What if ‘Maybe’ is the Problem?

What if Maybe is the Problem?

Maybe I should start a side business. Maybe I should make time to pick up my painting hobby. Maybe I’ll be there. Maybe we should do lunch. Whatever the question, “maybe” is a powerful mental shield that prevents action. It’s a simple answer that allows us to feel satisfied in giving an idea consideration but the confidence to do nothing in response.

We all have “realities:”

  • I have bills to pay.
  • I have deadlines.
  • I have a status to keep up with.
  • I have to look a certain way.
  • I have a safe job.
  • I have neighbors to keep up with.
  • I have parents to impress.
  • I’ve invested too much money in my education.

Hard answers are easy to avoid and hide under the noncommittal maybe. The non-answer reframes our decisions because it allows bias in our response. This is directly related to one of the typical issues in the decision making processes The Heath brothers discuss the in Decisive as:

  1. Framing the choices too narrowly.
  2. Confirming our hunch with only data that supports it.
  3. Being overly-emotional in the response.
  4. Being over-confident in our ability to predict the result.

Maybe you’re in the midst of a long, grueling work stretch, and you need nothing more than to take a long weekend with your family. The stacks of work on your desk tell you “no, I have too much to do.” Sometimes the little mental exercise of reframing the “maybe” into what if can make all of the difference in the world. What if you took the vacation with the family just for the weekend? What if you explain to your boss it’s going to be your top priority next week?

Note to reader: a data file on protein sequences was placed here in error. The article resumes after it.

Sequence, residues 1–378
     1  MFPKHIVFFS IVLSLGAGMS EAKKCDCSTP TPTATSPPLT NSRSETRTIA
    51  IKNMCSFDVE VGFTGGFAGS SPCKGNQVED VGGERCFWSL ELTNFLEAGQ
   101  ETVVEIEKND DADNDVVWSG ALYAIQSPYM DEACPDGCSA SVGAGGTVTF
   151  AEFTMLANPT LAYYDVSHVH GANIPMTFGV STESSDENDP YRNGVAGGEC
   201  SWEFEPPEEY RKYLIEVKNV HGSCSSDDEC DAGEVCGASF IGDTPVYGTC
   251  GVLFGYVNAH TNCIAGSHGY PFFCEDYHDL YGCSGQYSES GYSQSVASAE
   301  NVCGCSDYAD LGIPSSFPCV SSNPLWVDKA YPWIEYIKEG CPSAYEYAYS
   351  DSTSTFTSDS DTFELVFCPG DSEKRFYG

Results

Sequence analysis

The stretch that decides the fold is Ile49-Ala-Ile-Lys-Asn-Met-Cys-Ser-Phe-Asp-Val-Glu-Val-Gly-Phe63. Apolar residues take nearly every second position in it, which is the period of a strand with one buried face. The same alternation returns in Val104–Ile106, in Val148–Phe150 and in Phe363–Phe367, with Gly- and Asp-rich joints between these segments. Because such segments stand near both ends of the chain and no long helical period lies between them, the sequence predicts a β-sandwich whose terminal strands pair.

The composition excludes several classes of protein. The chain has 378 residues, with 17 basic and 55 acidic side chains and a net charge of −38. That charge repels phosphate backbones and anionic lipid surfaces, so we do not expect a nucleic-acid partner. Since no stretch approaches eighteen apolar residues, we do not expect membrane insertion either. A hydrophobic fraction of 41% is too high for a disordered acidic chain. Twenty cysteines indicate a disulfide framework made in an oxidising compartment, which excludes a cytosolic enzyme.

“What if” is a different frame of thinking; it reframes the question and allows you to envision the hypothetical. What if I do start the side business? What if I pick up painting as a hobby? Some of the more interesting decisions that I’ve made resulted from entertaining the decision that is contrary to my first hunch.

What if you rethink your next big decision?


Jeremy Floyd

Jeremy Floyd is the President at FUNYL Commerce. Formerly, he was the CEO and President of Lirio, Bluegill Creative, a marketing and communications firm in Knoxville, Tennessee. In addition to managing the digital strategies, Floyd was an adjunct professor for the University of Tennessee Chattanooga MBA program teaching digital strategies and social media. Floyd blogs at jeremyfloyd.com and tweets under the name @jfloyd. Jeremy is licensed to practice law in the State of Tennessee and holds a law degree from the University of Tennessee College of Law and a Bachelor of Arts degree from MTSU in English and Philosophy.